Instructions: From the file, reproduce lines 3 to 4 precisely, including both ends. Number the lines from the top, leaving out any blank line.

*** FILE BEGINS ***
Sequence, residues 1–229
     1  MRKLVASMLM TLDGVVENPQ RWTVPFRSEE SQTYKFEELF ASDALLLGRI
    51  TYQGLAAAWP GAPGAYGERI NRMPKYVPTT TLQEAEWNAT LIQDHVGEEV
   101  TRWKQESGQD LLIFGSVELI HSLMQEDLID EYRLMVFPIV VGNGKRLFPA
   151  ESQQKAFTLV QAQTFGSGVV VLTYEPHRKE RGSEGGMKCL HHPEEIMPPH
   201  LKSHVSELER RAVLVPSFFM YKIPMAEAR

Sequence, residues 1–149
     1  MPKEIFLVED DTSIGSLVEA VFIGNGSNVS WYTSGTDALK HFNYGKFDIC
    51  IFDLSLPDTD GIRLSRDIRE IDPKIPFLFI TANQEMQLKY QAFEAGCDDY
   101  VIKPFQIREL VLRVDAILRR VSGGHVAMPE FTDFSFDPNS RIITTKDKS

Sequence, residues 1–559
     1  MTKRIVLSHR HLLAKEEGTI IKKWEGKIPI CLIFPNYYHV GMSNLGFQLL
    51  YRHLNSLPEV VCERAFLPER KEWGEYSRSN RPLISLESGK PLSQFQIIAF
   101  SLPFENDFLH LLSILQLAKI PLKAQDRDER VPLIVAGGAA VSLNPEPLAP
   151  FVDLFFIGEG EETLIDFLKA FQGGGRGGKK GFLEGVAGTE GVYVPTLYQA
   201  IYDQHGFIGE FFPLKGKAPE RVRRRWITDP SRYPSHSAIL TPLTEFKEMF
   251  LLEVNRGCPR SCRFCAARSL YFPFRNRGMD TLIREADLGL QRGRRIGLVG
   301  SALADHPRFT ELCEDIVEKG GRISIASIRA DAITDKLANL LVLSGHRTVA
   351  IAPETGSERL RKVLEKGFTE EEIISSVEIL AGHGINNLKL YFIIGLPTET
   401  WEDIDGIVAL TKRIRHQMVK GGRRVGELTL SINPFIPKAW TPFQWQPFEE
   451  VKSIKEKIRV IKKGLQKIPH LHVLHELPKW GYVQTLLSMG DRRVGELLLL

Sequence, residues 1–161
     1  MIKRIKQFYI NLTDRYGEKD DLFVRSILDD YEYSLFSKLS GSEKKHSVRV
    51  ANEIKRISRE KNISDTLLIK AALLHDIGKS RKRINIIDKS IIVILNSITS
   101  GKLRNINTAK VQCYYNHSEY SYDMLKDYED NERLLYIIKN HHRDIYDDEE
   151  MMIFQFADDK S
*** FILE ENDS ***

    51  TYQGLAAAWP GAPGAYGERI NRMPKYVPTT TLQEAEWNAT LIQDHVGEEV
   101  TRWKQESGQD LLIFGSVELI HSLMQEDLID EYRLMVFPIV VGNGKRLFPA